Compressed air systems are a reliable option that provide steady, continuous flow of air and non-heat generating power that is essential for many large manufacturing and industrial applications for an improved production output. In fact, so important are compressed air systems in these demanding major industrial and manufacturing applications that they are often thought of as having a value equivalent to water, electricity and gas.
But what would happen if the compressed air, so vital to the production process, gets contaminated?
What are the sources of compressed air contamination?
To find out a solution to compressed air contamination, it is necessary to identify the source of its contamination. The 4 main sources where compressed air may get contaminated are:
· The ambient air that the air compressor sucks in
· The air compressor itself
· The air receiver in the system
· And finally the distribution piping
Pollution in any of the above 4 sources will mean contamination in compressed air used for the manufacturing applications. As compressed air is a crucial factor in the production process, it is extremely important that the compressed air is of the right quality. If contaminated air comes into contact with the final output it could have a detrimental effect on the production, hinder quality, escalate rejection costs and have a negative impact on your customers and finally the business.
Ten Contaminants that affect the compressed air system:
Water vapour, Water aerosol & Condensed water
Ambient air always contains moisture in the form of water vapour. Generally 99.9 % of the liquid contamination in a compressed air system is water. When ambient air is compressed, the air temperature rises, causing an increase in water vapor retention. If water vapour is included in compressed air systems it can cause problems such as increased leakage, pipe corrosion, reduced tool performance, high maintenance costs, disturbances in control systems and instruments etc.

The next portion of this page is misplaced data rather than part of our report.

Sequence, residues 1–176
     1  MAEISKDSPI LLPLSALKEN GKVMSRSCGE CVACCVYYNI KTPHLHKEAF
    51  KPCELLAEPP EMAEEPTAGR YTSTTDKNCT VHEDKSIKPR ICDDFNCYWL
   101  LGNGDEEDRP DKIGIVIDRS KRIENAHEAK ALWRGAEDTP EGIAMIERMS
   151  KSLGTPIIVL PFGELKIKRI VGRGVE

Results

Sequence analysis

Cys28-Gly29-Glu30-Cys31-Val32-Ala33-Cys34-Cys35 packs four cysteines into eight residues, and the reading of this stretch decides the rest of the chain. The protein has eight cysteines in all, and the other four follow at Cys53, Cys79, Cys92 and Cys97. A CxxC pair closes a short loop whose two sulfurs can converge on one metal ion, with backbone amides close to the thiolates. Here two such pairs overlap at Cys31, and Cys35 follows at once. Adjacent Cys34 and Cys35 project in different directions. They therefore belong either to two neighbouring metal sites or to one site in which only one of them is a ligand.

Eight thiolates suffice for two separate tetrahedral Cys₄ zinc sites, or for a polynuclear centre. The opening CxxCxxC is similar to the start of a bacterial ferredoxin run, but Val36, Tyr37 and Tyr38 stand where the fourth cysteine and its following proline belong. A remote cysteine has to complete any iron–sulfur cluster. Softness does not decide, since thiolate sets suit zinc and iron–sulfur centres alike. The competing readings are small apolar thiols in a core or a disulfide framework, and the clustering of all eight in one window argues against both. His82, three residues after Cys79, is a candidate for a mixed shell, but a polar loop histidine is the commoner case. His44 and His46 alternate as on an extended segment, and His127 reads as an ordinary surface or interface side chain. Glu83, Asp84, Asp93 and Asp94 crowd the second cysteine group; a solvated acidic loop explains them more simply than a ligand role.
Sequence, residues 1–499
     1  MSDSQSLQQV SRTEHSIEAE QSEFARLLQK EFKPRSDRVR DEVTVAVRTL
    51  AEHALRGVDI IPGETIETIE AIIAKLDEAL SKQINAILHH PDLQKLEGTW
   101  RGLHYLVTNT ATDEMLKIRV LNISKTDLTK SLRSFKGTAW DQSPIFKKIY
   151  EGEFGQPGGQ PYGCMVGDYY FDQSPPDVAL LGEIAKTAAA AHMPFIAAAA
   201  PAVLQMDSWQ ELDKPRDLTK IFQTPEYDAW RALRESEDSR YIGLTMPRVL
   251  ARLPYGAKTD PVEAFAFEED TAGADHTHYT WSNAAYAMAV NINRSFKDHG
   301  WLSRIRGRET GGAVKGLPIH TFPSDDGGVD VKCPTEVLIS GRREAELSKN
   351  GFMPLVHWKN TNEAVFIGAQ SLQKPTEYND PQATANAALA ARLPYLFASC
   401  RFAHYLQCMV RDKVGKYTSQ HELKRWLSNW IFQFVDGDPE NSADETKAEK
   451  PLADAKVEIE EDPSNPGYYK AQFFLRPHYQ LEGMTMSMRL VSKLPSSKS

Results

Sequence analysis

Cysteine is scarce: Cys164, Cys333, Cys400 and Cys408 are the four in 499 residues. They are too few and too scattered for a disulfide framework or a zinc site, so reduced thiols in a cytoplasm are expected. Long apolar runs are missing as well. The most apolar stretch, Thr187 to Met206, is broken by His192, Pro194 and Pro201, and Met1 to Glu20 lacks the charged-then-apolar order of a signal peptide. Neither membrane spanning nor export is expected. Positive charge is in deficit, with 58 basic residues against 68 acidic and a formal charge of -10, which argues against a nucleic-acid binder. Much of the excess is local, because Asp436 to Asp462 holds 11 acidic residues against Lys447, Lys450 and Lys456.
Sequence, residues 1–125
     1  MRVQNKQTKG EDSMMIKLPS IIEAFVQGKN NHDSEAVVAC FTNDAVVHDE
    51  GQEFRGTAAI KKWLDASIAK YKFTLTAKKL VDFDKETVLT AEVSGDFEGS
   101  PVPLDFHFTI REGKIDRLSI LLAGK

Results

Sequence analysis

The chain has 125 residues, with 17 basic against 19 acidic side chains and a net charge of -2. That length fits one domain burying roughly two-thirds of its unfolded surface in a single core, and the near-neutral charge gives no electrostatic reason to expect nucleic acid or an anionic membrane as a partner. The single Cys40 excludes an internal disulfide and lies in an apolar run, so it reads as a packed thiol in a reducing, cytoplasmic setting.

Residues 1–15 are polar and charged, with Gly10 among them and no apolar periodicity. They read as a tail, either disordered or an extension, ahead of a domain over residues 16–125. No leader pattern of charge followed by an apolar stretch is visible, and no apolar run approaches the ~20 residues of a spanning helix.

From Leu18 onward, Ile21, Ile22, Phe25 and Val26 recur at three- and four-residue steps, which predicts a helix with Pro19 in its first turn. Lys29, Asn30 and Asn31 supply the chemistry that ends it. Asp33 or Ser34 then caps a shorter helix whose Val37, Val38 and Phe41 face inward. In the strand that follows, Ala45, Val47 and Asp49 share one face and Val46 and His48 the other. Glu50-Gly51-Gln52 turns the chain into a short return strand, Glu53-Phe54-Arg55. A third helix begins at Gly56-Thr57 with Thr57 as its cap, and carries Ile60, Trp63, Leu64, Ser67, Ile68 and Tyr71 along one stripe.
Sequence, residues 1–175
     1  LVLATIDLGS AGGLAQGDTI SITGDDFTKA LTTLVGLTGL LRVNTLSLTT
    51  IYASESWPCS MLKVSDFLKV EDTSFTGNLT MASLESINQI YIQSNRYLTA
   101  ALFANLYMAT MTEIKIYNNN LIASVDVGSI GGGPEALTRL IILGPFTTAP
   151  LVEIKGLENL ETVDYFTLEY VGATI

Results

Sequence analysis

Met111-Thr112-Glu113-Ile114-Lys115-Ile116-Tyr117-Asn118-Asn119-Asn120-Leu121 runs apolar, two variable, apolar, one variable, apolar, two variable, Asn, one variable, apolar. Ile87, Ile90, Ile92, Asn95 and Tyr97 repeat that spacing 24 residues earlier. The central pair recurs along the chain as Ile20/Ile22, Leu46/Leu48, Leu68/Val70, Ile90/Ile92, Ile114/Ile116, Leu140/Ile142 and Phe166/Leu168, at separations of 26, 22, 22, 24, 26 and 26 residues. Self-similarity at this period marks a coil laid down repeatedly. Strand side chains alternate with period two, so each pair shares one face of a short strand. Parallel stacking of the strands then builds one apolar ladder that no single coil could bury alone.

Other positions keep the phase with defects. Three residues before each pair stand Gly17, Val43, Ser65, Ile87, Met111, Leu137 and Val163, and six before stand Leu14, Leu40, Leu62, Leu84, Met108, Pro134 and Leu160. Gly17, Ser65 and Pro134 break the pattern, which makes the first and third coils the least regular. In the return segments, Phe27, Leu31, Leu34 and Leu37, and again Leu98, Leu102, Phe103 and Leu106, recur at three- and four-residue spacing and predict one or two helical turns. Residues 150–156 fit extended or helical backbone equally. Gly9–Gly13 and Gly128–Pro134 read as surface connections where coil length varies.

Oil vapour in compressed air
As with water vapour, ambient air also contains oil in the form of hydrocarbons which may be sucked into the air compressor. As with water, oil vapour also condenses within the system when cooled and will only add to the contamination in compressed air.
Liquid oil & Oil aerosol
Many air compressors use oil for lubrication, sealing as well as cooling during the process. In fact, in lubricated compressors oil is a part of the compression process and is included in the compressed air either fully or partially as liquid oil or oil aerosols.
All the above air contaminants, (water vapour, water aerosol, condensed water, oil vapour, liquid oil and oil aerosol) when combined, form an acidic condensate that can damage the storage and distribution of the compressed air system. These air contaminants can also negatively affect the plant equipment and products that come in contact with contaminated air.
Dirt in the atmosphere
A manufacturing facility contains millions of dirt particles that are too small (less than 2 microns in size) to be caught by a compressed air filter (line filter used to remove contaminants from compressed air after compression has taken place) and thus pass directly into the compressor itself. These dirt particles can cause blockages in the system and affect final production quality.
Bacteria and viruses
Atmospheric air contains millions of micro-organisms such as bacteria and viruses which, if they get into the sterile production environment, can adversely impact product quality and impact production costs negatively.
Compressed air systems which do not have enough purification filters in place and were operated with wet piping before purification can encounter rust and pipe scales in their air receivers. These pollutants can damage the equipment and also cause blockages that may adversely affect final output.